BTW, could this be parametrized for the address and data size? If you implement it in VHDL, you could use generics for this, would be no additional work to use just the generic names instead of hard coded numbers. Except maybe some work for extending the instruction opcodes.

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Yann Guidon / YGDES wrote 10/27/2018 at 17:16 point

Frank : DAMNIT you're right !

I updated the description...

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Yann Guidon / YGDES wrote 10/27/2018 at 17:19 point

For the parameterization : it doesn't make sense at this scale. Every fraction of bit counts and must be wisely allocated.

Larger architectures such at #YASEP Yet Another Small Embedded Processor  and #F-CPU  have much more headroom for this.

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Bartosz wrote 11/08/2017 at 16:40 point

this will working on epiphany or oHm or other cheap machine?

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Yann Guidon / YGDES wrote 11/08/2017 at 18:07 point

I'm preparing a version that would hopefully use less than half of a A3P060 FPGA, which is already the smallest of that family that can reasonably implement a microcontroller.

But it's a lot less fun than making one with hundreds of SPDT relays !

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Bartosz wrote 11/14/2017 at 14:13 point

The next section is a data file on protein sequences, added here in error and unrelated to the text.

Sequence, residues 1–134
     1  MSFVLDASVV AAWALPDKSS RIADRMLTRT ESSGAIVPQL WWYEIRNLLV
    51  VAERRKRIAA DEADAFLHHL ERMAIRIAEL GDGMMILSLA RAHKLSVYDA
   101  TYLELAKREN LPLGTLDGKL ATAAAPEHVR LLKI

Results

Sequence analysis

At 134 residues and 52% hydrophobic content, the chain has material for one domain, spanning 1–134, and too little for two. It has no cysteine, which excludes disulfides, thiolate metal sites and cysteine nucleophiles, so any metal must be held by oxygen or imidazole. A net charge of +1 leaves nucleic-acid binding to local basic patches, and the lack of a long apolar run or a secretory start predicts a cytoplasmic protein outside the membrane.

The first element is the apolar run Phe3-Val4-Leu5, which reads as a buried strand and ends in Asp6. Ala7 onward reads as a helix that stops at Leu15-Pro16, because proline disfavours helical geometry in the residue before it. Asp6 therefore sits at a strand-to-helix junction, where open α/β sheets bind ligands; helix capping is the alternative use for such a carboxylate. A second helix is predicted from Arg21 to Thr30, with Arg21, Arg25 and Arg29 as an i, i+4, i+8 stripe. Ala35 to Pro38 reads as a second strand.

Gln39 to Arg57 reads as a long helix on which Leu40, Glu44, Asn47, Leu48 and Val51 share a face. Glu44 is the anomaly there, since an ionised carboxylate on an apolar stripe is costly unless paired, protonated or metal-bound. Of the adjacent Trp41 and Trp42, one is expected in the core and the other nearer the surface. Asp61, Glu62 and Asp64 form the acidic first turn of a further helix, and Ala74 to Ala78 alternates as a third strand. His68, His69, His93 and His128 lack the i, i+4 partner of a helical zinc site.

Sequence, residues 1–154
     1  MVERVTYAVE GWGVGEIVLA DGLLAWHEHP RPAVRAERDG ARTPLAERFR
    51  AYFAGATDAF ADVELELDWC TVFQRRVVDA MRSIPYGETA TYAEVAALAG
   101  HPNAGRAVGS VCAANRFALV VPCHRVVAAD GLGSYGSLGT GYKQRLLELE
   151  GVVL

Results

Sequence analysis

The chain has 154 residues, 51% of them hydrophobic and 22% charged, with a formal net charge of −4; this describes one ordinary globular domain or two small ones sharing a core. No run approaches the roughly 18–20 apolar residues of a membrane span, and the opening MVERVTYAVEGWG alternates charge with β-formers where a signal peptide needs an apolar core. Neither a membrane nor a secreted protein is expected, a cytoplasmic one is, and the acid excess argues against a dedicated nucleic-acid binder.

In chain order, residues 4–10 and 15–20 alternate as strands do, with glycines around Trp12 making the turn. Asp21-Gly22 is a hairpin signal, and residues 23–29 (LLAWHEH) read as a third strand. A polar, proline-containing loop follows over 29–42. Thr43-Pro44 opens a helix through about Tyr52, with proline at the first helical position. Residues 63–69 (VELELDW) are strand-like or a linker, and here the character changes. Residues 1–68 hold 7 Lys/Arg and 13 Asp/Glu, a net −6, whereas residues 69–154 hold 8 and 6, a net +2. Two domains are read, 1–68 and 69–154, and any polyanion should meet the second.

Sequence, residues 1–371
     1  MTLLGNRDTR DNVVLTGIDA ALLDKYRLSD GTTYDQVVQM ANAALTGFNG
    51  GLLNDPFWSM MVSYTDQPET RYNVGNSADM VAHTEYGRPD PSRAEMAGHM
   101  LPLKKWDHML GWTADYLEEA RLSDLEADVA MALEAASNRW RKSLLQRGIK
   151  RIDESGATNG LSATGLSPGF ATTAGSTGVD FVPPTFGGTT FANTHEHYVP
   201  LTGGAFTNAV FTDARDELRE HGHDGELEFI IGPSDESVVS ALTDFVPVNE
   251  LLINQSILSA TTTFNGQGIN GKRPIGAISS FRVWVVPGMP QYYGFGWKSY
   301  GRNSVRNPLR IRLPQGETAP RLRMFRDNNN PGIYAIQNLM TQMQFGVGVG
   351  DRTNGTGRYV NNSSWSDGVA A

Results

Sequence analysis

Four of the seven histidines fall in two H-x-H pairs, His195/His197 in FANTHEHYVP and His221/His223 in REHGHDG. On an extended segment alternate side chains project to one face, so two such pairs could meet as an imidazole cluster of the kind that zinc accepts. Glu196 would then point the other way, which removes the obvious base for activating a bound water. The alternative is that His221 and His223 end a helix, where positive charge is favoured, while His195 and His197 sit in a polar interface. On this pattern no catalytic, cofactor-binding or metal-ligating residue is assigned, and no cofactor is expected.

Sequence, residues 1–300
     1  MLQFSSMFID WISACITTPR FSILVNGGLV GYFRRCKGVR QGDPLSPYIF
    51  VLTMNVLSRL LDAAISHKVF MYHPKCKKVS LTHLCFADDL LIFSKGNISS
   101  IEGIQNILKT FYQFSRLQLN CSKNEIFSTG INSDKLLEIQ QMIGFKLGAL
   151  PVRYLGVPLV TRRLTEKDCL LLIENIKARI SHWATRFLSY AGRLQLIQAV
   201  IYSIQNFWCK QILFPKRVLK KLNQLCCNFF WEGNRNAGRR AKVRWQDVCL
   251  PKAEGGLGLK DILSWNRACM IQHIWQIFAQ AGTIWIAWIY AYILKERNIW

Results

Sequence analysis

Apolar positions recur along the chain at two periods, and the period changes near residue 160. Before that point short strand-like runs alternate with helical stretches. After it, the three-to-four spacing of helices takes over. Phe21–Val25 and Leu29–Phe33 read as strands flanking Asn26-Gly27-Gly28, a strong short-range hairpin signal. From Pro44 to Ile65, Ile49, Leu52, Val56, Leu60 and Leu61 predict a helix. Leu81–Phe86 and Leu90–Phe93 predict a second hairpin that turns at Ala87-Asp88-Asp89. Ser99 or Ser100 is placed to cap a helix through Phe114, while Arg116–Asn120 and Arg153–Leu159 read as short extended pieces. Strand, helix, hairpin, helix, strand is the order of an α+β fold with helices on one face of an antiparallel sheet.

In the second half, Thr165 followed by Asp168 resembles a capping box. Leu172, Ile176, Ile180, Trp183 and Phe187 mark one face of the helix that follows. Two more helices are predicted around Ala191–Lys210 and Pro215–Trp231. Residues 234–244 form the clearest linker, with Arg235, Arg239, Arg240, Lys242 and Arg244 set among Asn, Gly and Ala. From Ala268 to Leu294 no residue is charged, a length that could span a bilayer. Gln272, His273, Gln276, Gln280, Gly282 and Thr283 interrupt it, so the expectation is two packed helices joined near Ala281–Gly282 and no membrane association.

Question is price and posibility to buy

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Yann Guidon / YGDES wrote 11/14/2017 at 16:08 point

@Bartosz : what do you want to buy ?

If you can simulate and/or synthesise VHDL, the source code is being developed and available for free, though I can't support all FPGA vendors.

If you want a ready-made FPGA board, that could be made too.

If you want relays, it's a bit more tricky ;-)

I have just enough RES15 to make my project and it might take a long while to succeed. There will be many PCB and other stuff.

However if, in the end, I see strong interest from potential buyers, I might make a cost-reduced version with easily-found minirelays. I don't remember well but the Chinese models I found cost around 1/2$ a piece. Factor in PCB and other costs and you get a very rough price estimate... It's not cheap, it's not power efficient, it's slow and won't compute useful stuff... But it certainly can make a crazy nice interactive display, when coupled with flip dots :-D

So the answer is : "it depends" :-D